Songs for Silverman [Explicit Lyrics]

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Editorial Reviews

Barnes & Noble - David Sprague
There was never any doubt as to which member of the Ben Folds Five was in the driver's seat -- except, of course, to folks who didn't bother mulling over the band's name. Still, it's been surprising to see how little Folds's music has lost in translation from band format to his solo career, which hits Chapter Two quite effectively on Songs for Silverman. The singer-pianist tones down the shtick considerably here, wearing his heart quite openly on his sleeve for songs like the chirping "Gracie," an unabashedly sweet ode to his young daughter, and the considerably grayer "Late," on which he addresses an old friend, the late Elliott Smith. Folds spends a good bit of ...
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Editorial Reviews

Barnes & Noble - David Sprague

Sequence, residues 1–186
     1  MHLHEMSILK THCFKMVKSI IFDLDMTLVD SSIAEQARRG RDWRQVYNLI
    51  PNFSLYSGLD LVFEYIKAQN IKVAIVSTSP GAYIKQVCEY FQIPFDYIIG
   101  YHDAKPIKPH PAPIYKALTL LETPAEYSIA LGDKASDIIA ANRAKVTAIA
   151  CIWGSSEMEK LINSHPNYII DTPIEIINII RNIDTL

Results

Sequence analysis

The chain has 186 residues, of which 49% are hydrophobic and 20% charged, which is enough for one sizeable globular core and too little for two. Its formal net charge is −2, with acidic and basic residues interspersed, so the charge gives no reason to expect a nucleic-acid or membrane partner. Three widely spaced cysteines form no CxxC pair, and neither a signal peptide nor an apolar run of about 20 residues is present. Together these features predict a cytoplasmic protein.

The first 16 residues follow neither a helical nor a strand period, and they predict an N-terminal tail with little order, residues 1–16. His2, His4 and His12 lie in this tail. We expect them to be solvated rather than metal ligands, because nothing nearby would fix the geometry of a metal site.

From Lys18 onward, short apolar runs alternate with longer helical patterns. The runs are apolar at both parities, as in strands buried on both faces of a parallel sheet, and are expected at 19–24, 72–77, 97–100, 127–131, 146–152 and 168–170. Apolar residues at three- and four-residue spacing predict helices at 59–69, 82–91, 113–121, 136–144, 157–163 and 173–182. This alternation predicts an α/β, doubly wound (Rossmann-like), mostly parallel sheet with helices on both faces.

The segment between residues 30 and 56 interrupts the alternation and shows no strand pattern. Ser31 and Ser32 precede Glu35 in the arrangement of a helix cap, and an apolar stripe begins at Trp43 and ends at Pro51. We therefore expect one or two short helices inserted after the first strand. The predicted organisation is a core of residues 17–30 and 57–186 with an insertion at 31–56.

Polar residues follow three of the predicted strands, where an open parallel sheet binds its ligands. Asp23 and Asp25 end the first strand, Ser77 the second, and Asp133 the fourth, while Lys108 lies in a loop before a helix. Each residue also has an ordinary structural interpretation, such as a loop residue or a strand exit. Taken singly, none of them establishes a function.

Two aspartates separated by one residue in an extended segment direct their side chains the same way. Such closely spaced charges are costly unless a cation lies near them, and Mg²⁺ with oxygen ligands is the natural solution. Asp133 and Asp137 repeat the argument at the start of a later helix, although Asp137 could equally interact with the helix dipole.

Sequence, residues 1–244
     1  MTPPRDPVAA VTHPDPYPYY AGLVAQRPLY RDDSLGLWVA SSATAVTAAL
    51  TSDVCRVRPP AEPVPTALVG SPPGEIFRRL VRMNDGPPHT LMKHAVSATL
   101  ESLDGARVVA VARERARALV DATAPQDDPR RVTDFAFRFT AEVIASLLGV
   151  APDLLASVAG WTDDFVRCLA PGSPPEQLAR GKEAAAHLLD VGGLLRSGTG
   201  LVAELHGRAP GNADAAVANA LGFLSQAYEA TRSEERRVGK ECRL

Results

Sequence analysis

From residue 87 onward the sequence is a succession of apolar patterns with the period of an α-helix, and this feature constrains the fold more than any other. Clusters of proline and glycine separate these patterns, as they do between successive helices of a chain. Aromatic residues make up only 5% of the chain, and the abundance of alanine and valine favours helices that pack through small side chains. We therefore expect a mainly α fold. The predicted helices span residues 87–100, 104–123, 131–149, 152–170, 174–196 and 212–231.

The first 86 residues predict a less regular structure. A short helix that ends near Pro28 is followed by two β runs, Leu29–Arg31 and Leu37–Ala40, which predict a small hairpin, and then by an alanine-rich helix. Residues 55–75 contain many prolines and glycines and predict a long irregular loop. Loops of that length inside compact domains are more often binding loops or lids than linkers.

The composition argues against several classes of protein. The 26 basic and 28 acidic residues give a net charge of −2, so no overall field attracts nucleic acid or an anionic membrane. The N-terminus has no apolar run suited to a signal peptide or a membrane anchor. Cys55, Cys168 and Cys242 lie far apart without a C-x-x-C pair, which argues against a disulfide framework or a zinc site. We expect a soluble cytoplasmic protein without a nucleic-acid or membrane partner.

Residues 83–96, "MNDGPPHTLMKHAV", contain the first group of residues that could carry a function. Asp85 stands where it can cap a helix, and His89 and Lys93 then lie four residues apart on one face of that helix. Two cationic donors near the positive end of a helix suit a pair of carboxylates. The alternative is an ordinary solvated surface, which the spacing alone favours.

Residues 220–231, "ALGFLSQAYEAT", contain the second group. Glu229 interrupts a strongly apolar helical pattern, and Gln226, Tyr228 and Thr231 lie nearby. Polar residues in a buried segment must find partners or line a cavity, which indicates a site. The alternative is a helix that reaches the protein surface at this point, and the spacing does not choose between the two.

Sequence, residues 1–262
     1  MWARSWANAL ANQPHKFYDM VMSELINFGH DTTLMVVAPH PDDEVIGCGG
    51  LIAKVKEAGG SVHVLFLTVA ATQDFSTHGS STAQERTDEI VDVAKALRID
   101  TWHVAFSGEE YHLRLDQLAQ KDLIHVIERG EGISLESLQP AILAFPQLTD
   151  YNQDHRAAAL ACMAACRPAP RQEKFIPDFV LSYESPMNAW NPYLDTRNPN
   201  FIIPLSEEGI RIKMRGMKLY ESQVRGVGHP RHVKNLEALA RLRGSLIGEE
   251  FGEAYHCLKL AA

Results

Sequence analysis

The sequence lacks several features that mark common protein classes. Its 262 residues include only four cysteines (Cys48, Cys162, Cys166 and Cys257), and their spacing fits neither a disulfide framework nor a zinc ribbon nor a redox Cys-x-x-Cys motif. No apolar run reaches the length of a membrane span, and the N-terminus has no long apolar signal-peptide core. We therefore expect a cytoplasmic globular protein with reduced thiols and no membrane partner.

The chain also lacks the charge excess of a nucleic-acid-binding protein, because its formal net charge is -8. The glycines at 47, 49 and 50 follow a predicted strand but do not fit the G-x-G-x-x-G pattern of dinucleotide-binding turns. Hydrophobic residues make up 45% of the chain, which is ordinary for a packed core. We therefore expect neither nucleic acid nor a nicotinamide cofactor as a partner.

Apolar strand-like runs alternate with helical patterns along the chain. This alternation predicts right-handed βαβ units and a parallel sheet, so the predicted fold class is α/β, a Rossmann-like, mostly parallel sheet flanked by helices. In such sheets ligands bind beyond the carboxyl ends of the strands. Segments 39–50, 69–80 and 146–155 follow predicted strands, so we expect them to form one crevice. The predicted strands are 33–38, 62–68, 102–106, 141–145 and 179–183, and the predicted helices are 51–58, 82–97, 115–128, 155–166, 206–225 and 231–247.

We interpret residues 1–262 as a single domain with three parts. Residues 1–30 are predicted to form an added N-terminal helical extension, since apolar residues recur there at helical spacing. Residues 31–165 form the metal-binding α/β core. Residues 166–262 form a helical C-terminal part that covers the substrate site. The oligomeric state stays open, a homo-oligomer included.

There was never any doubt as to which member of the Ben Folds Five was in the driver's seat -- except, of course, to folks who didn't bother mulling over the band's name. Still, it's been surprising to see how little Folds's music has lost in translation from band format to his solo career, which hits Chapter Two quite effectively on Songs for Silverman. The singer-pianist tones down the shtick considerably here, wearing his heart quite openly on his sleeve for songs like the chirping "Gracie," an unabashedly sweet ode to his young daughter, and the considerably grayer "Late," on which he addresses an old friend, the late Elliott Smith. Folds spends a good bit of Silverman seated, alone, at his piano -- a situation he handles cleverly, waxing loungey when needed but never crossing over into Billy Joel territory. A passel of tracks -- notably the punchy "Bastard," which shifts time signatures with dizzying frequency-- have enough percussive pulse to satisfy BFF diehards, but for the most part, Songs for Silverman paints a far more intimate picture: a portrait of the artist as a man ready to admit he's not as young and invincible as he once imagined.